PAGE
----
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Surge in U-Visa Requests Puts Safety of Immigrants on Hold

crime-u-visaThe US Citizenship and Immigration Service has not processed any U-Visa applications filed after December 2013. This type of visa is often provided to immigrants and their close family members who are victims of serious crimes. The surge in number of U-Visa requests has created a huge backlog of applications, increasing nearly fourfold over the last 5 years. Last year, 26,000 applications were filed against a yearly cap of just 10,000.  Presently, individuals are required to wait, just to get on the waiting list. With demand for the U-Visa far outpacing the yearly cap, protection of the victims and close family members has become a concern.

Rosa,15, became pregnant after she was repeatedly raped by her step father for more than a year. Rosa and her mother entered the Unites States illegally and had been living in Modesto, California for the past few years. She was dropped off in her native town in Tijuana by her step dad, where she had to fend for herself without her mother by her side. After pressing charges against her step father, who is currently on the run from Mexican authorities, Rosa and her family became eligible to apply for a U-Visa.

Today, like so many other immigrants, Rosa, along with her new-born child, is looking forward to reuniting with her mother. But the recent increase in the number of U-Visa applications means she might have to wait for years before she is allowed to set foot on US soil again.  While immigration authorities have started allotting temporary work permits to people on the waiting list, only immigrants applying for U-Visas from the US are eligible.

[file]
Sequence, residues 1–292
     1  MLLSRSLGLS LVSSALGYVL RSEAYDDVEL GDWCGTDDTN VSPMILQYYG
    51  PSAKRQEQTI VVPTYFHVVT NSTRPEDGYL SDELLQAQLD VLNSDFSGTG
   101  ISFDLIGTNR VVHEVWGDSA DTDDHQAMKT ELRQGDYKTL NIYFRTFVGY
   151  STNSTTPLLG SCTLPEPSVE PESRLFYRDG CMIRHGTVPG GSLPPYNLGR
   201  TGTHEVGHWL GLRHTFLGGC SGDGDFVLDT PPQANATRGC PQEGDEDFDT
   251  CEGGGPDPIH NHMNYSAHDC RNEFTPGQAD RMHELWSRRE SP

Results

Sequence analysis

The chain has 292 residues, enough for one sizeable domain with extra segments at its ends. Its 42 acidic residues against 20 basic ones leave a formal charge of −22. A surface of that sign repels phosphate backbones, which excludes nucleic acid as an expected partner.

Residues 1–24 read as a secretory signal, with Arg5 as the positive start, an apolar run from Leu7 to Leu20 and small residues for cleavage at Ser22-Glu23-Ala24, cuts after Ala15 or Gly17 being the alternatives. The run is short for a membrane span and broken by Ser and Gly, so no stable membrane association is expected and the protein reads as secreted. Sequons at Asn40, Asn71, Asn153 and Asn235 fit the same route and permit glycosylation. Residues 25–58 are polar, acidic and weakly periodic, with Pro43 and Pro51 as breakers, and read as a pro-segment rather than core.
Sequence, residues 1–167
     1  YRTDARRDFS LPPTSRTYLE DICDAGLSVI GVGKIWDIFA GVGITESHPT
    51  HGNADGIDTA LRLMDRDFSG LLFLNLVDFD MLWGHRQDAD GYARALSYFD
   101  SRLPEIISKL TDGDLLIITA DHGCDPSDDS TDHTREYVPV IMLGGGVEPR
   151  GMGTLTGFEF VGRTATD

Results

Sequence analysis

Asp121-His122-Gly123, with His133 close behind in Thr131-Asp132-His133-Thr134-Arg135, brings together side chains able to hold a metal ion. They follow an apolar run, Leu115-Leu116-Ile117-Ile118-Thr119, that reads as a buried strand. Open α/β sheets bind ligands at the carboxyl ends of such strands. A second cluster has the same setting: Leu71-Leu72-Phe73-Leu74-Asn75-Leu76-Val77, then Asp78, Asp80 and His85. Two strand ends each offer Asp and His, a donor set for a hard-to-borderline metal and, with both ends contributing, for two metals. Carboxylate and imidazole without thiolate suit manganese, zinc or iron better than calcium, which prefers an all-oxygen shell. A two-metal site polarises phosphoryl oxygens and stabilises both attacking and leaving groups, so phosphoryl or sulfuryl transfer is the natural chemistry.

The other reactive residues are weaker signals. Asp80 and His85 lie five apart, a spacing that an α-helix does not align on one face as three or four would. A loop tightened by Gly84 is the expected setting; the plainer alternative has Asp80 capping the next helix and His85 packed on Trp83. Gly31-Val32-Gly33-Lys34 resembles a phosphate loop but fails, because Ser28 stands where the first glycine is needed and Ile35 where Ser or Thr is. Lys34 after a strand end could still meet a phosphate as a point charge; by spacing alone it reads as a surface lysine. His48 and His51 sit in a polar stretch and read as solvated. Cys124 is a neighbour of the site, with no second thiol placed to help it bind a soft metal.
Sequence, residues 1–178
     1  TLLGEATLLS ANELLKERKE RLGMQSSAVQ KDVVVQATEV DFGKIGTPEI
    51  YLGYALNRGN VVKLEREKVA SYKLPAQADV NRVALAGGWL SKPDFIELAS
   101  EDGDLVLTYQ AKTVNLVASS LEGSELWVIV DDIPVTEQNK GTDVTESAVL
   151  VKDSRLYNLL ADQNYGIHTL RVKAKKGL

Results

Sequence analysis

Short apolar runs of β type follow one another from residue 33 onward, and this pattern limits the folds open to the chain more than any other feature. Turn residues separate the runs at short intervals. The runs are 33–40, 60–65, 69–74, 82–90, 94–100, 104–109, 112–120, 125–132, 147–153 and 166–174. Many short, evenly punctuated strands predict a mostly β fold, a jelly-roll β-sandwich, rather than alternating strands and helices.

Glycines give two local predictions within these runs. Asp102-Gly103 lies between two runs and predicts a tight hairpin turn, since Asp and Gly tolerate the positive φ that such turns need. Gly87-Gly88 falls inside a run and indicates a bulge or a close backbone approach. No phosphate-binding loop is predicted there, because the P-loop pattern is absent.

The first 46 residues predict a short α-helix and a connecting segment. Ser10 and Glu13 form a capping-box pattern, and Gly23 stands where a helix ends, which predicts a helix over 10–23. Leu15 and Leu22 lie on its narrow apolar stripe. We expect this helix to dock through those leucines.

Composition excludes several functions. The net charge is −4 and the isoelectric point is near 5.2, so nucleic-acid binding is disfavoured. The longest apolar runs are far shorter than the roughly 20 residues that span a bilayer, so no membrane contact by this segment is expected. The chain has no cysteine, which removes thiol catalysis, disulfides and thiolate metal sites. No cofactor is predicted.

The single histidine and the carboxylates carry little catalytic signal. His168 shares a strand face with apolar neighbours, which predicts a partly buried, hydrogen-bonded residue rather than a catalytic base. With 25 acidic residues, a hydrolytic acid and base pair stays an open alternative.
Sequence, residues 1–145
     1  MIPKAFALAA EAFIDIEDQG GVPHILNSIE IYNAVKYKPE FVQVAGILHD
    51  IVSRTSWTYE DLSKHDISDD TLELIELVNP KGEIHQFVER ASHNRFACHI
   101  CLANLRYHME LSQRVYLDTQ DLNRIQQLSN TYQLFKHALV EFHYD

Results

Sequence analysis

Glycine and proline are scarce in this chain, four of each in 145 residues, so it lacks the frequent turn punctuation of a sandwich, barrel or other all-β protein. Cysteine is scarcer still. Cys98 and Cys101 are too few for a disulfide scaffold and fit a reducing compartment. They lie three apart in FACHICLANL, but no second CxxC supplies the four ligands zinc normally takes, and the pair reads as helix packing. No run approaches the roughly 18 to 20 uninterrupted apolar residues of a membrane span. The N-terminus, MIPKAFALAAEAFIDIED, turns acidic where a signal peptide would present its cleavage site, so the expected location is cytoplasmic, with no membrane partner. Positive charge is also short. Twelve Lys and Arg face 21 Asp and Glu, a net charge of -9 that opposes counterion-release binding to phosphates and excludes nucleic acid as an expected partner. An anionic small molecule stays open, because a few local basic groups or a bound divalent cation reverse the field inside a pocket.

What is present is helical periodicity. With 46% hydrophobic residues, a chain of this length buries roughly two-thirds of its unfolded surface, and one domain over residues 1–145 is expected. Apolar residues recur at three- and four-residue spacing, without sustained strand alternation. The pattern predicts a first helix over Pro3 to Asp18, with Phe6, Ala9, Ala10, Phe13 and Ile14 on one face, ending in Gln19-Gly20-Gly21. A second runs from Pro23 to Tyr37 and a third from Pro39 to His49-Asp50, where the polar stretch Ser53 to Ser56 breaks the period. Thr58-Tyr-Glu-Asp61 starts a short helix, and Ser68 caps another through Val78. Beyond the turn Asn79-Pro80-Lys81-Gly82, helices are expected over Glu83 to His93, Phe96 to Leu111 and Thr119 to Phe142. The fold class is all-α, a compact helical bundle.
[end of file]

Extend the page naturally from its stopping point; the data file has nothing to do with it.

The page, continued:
The U-Visa program was introduced by the Congress in 2000 as part of the Violence Protection Act and Victims of Trafficking Act. The objective of the program was to help immigrants who were victims of violent crimes but scared to reach out to the police for fear of being deported.  To qualify for the program, an immigrant must be considered the victim of a serious crime. He or she is also required to provide certification from a credited law enforcement agency, which attests to the individual having helped or presently being helpful during the investigation.

Immigration lawyers are calling on Congress to increase the annual cap on U-Visas for immigrants. Asistant Co-Director Glen Pendleton recently stated, “Family members abroad desperately need to reunite with the primary crime victim, and the crime victim needs family support to heal and build a new life.”

Do you need advice on immigration law in Texas? If so, please don’t hesitate to reach out to us at Lyttle Law Firm.  We’re based in Austin Texas and well versed in all aspects of immigration. Call us today at 512-215-5225.